Vernon-based videographer Francois Arseneault has unearthed 1960s footage of Revelstoke and the Columbia Valley.
The historian routinely shares vintage footage of Vernon and the Okanagan valley to his Reel Life YouTube channel, and he’s now back after a summer hiatus.
Uploaded Friday, Sept. 9, his latest work shows footage of winter in 1962/63 in Revelstoke and the Columbia Valley before the construction of the Keenleyside Dam in 1968, as well as a look at ski jumping on Mount Revelstoke.
The Keenleyside Dam resulted in raising the water level of Arrow Lakes and the Columbia River below Revelstoke, submerging the settlements of Greenslide, Sidmouth and Arrowhead as a result.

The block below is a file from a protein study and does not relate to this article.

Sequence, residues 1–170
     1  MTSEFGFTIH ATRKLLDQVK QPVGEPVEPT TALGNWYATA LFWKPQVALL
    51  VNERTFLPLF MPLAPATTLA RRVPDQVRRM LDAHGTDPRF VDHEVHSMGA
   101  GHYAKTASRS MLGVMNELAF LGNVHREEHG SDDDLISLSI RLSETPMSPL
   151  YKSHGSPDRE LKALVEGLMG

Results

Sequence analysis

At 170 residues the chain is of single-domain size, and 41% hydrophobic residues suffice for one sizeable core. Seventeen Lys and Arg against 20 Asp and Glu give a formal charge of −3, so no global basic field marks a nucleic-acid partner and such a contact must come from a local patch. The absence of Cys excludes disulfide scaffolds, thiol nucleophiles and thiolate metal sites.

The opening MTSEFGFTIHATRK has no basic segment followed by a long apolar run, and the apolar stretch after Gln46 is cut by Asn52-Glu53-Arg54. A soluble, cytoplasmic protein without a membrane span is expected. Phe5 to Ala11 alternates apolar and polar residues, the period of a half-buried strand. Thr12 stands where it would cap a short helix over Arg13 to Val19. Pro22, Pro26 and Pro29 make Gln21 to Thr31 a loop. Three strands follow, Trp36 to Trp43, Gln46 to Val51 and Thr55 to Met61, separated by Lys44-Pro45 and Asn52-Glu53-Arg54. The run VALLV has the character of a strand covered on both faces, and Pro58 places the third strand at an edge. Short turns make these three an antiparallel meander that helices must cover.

“This winter footage will likely bring back memories of life in the valley,” Arseneault said.
“The Mount Revelstoke ski hill site northeast of Revelstoke and just within Mount Revelstoke National Park has a history as old as the settlement itself,” he continued. “A local miner introduced Norwegian snowshoes to Revelstoke as early as 1892 and the first ski club was organized the next year.”
From 1915 to the late 1960s, annual ski jumping competitions were held on Mount Revelstoke, which was the longest period of any ski jumping venue.
Revelstoke was also the biggest natural ski jump hill in Canada at the time, and was recognized internationally as one of the best hills in North America.
“The length and natural grade of its 600-metre hill made possible jumps of over 60 metres, the longest in Canada,” Arseneault said.
The last competition in the park was held in 1971.
To follow Arseneault’s videography, visit his YouTube page Reel Life.